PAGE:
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How should the HFR of your Frame & Focus compare to the HFR of your actual images? (SGP)

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#1 dan_hm

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Posted 12 July 2019 - 09:35 PM

I am imaging right now and I noticed something odd.  Before starting my sequence, I did an autofocus and got an HFR of 0.89, which I figured was quite good so I went with it.  I'm imaging in H-alpha and I use 25s exposures for autofocus, but 300 second exposures for my actual images.  When my first, 300 second image came up the HFR was 2.01.  Seems really high.  Could this just be rapid focus change due to temperature change, since it's still early in the night?  The temperature gauge on my focuser says I focused at 20.50 C and it's now 20.00 C.  For what it's worth, seeing is above average tonight. 


Edited by dan_hm, 12 July 2019 - 09:35 PM.


#2 2ghouls

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Posted 12 July 2019 - 10:41 PM

Sounds to me like something went wrong with the autofocus routine to give you a value that low. For Ha, I typically have HFR of between 1.6 and 1.8 on good seeing nights and anywhere from 1.8 to 2.3 for mediocre to poor seeing. 2.01 sounds like good focus to me. What does the sub look like visually?

Edit: to answer your original question. The HFR value of my frame and focus exposures and my actual subs are usually quite close. Usually within 0.2 of one another.

Edited by 2ghouls, 12 July 2019 - 10:44 PM.


#3 Alex McConahay

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Posted 12 July 2019 - 10:44 PM

I would expect that a focus shot of four seconds would have better HFR than a long exposure of a few minutes just because there is less time for things to get messed up by seeing, tracking (guide failure) and whatever. But that is a pretty dramatic difference. 

 

Let me ask......is your autofocus run at the same binning as your light exposure?

 

Alex



#4 Alex McConahay

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Posted 12 July 2019 - 10:45 PM

And, no, I cannot imagine temperature affecting a tube that much. 

 

Alex



#5 2ghouls

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Posted 12 July 2019 - 10:51 PM

Whoops forgot that HFR is in pixels and not arcseconds. So forget about me trying to compare my values. In any case something seems weird if the values are that different. In that case, I would probably examine the frame and if it looked out-of-focus, re-run the autofocus routine to make sure.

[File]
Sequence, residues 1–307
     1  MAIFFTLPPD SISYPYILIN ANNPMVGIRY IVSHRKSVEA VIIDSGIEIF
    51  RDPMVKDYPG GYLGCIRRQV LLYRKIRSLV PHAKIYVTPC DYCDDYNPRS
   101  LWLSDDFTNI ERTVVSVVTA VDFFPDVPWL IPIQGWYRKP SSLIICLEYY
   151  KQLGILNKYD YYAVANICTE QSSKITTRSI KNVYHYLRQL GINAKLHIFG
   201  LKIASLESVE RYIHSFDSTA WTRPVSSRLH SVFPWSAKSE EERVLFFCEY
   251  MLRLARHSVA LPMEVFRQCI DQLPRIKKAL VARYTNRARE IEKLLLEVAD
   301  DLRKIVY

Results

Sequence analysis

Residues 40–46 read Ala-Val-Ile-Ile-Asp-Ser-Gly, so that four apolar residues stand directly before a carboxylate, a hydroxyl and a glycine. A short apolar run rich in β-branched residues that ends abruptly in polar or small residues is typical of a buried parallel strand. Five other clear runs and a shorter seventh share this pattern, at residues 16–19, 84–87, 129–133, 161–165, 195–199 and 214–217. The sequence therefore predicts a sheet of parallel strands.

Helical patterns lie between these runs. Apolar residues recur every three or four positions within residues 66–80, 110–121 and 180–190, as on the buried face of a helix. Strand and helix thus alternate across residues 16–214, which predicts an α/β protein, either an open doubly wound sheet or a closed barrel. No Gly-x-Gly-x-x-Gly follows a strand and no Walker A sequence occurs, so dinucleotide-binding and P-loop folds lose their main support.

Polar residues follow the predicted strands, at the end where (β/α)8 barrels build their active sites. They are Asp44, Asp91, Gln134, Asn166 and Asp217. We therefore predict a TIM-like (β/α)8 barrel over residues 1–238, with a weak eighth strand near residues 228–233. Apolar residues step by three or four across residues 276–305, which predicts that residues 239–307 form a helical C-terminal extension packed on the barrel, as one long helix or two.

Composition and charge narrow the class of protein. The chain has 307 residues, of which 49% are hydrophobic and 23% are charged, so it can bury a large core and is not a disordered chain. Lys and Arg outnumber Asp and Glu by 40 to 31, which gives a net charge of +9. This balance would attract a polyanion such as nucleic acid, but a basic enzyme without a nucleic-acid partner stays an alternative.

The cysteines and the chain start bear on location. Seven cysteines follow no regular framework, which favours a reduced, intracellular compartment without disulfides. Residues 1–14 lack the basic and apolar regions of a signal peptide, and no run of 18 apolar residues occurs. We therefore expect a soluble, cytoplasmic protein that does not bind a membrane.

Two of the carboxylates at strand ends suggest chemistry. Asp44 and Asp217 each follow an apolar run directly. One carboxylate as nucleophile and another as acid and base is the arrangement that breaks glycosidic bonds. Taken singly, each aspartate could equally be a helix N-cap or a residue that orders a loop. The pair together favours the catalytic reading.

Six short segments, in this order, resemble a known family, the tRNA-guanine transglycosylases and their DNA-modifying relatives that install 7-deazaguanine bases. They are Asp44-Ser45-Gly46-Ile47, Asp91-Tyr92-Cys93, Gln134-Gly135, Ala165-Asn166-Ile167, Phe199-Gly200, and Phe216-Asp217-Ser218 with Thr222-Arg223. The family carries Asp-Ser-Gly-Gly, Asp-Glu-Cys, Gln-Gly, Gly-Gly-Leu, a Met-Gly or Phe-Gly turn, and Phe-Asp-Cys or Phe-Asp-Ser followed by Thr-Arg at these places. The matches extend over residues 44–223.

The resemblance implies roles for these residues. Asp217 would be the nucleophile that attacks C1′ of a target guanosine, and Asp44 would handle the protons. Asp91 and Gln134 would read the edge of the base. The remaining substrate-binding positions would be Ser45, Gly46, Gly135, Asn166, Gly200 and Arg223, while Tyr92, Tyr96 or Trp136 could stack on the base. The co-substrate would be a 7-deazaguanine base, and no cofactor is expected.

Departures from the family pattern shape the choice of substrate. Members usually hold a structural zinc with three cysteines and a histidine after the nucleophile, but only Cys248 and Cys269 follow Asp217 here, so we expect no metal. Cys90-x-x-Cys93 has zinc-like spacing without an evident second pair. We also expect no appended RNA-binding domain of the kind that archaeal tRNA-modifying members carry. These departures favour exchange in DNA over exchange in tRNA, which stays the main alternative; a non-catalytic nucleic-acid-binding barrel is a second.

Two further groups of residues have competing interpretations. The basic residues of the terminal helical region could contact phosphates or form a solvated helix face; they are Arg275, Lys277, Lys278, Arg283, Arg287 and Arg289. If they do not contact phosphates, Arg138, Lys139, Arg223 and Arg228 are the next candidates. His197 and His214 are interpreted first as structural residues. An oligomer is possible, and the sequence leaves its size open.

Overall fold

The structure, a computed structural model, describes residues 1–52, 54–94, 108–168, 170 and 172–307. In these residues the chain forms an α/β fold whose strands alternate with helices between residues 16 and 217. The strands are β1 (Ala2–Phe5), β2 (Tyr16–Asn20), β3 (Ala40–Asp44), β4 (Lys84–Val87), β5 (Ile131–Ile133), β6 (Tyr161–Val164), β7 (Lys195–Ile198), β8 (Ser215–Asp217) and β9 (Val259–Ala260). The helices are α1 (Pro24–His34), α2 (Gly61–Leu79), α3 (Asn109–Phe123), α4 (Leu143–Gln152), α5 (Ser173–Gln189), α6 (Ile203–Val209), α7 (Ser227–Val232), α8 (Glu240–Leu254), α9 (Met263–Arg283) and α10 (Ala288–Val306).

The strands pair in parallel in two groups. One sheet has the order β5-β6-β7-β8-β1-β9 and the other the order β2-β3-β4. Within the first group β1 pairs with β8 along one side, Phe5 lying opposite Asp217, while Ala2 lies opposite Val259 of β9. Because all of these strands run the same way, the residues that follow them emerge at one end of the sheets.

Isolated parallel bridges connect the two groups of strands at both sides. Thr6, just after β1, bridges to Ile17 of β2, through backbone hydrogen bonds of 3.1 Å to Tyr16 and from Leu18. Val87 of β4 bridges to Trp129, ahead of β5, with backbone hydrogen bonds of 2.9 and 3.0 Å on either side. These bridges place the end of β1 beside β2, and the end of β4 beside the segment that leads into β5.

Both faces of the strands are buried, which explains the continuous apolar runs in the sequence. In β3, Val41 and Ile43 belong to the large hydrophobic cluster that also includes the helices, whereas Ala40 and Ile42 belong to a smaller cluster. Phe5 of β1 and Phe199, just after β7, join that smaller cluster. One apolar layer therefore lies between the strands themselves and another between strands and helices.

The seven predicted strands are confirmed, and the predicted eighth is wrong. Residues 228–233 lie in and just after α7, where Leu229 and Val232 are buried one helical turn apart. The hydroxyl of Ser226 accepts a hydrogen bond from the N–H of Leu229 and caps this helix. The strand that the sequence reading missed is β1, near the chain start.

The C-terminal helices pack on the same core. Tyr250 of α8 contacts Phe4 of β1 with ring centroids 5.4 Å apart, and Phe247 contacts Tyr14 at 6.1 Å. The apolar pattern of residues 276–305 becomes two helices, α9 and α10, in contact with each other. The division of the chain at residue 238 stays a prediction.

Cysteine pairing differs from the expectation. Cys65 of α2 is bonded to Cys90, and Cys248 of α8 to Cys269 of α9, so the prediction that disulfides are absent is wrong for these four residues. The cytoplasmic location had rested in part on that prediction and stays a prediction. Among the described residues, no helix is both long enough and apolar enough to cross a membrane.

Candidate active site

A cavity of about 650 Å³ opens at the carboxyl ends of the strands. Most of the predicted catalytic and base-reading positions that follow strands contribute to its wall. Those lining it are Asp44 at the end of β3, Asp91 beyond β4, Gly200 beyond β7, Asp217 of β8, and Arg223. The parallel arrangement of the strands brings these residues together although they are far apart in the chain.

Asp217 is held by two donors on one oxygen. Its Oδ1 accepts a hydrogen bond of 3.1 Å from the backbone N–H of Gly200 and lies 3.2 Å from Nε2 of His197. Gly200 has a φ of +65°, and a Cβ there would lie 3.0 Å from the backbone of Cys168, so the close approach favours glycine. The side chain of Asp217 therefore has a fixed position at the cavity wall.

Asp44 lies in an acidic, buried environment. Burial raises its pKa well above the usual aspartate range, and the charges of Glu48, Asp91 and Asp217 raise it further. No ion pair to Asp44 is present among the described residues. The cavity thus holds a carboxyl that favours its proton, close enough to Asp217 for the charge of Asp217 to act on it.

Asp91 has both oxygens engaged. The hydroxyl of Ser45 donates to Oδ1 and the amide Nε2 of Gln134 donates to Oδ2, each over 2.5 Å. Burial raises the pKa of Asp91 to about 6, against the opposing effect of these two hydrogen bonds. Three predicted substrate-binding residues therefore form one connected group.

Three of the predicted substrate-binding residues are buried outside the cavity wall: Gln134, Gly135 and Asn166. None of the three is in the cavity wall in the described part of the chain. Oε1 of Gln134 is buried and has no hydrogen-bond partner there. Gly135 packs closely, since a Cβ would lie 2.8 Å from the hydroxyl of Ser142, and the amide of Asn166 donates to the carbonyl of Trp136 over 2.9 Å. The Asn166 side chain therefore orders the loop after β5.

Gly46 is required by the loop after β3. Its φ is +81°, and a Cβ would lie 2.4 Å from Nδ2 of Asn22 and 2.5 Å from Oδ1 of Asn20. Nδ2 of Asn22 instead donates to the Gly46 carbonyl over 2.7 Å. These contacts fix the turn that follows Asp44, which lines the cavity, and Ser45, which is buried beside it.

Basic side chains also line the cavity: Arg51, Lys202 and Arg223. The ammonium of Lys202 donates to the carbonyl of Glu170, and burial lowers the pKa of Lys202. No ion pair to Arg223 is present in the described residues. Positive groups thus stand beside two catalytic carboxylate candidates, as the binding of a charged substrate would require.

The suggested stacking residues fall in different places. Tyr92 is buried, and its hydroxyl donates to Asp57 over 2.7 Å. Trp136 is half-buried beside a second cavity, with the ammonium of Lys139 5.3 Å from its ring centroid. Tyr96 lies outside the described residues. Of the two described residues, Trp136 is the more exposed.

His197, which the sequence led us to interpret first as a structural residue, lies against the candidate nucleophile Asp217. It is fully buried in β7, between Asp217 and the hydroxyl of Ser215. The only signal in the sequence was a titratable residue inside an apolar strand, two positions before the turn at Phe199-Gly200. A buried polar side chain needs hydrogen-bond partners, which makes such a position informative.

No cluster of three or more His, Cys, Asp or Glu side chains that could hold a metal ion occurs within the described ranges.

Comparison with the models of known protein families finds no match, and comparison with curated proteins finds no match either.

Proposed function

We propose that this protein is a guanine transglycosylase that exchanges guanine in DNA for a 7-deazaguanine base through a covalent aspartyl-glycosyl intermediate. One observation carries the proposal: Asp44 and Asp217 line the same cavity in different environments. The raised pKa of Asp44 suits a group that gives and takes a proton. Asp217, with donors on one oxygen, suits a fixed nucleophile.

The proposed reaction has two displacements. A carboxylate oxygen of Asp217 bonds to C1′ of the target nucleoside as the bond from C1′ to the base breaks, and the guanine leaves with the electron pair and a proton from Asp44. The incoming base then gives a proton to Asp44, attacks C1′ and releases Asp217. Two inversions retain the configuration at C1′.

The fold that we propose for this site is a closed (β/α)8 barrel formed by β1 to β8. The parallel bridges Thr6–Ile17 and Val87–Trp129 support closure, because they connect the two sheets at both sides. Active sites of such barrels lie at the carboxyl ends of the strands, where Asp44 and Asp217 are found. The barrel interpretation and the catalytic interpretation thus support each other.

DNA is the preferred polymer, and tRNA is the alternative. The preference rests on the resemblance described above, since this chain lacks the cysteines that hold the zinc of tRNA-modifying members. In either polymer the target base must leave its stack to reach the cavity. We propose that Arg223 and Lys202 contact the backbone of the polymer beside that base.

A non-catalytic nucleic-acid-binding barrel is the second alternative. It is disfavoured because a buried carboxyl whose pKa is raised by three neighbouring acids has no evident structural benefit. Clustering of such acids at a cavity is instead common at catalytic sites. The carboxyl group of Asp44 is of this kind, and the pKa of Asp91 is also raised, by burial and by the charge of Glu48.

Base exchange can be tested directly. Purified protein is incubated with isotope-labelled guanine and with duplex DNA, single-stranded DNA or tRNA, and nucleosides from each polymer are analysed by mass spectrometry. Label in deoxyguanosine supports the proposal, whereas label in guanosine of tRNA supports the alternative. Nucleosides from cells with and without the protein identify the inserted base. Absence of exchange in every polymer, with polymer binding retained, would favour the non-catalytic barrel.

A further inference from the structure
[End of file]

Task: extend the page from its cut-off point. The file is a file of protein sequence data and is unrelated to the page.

#6 jerahian

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Posted 12 July 2019 - 10:52 PM

I have the same experience though my AF number is never that low.  I’ve chalked it up to the impact of seeing over a longer period of time.  Mine can have roughly a 1 HFR difference.

 

-Ara



#7 NorthField

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Posted 12 July 2019 - 11:15 PM

Yup.. I see the same thing every night..

My AF’s are bin 2

What I don’t get is that 2.03 hfr equates to ?.?? In subframeselector

If I were using the mn190: 2.03 hfr in sgp would be about 1.50 in sfs

Svq100 : 2.03 would be about 1.95

#8 dan_hm

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Posted 12 July 2019 - 11:26 PM

I would expect that a focus shot of four seconds would have better HFR than a long exposure of a few minutes just because there is less time for things to get messed up by seeing, tracking (guide failure) and whatever. But that is a pretty dramatic difference. 

 

Let me ask......is your autofocus run at the same binning as your light exposure?

 

Alex

I have my autofocus binning set to 2x2 and I take my lights at 1x1.  

 

Incidentally, just a couple frames in tonight my HFR went down to good levels and has been stable since.



#9 Alex McConahay

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Posted 13 July 2019 - 12:40 AM

>>>>>> I have my autofocus binning set to 2x2 and I take my lights at 1x1.

 

Well, then you are not as far off as you think. Remember, your pixels binned at 1x1 are smaller than those binned at 2x2. So, if a star is .89 pixels across at 2x2 (during focus), it will be 1.78 at 1x1 (during imaging). Your 1x1 pixels are half the size (in both directions) as your 2x2.

 

If you were to focus and image at the same binning, you would find you were much closer in HFR. Although, as several of us have pointed out, the longer exposure would probably be a bit larger because of binning, tracking, and so forth. 

 

Alex




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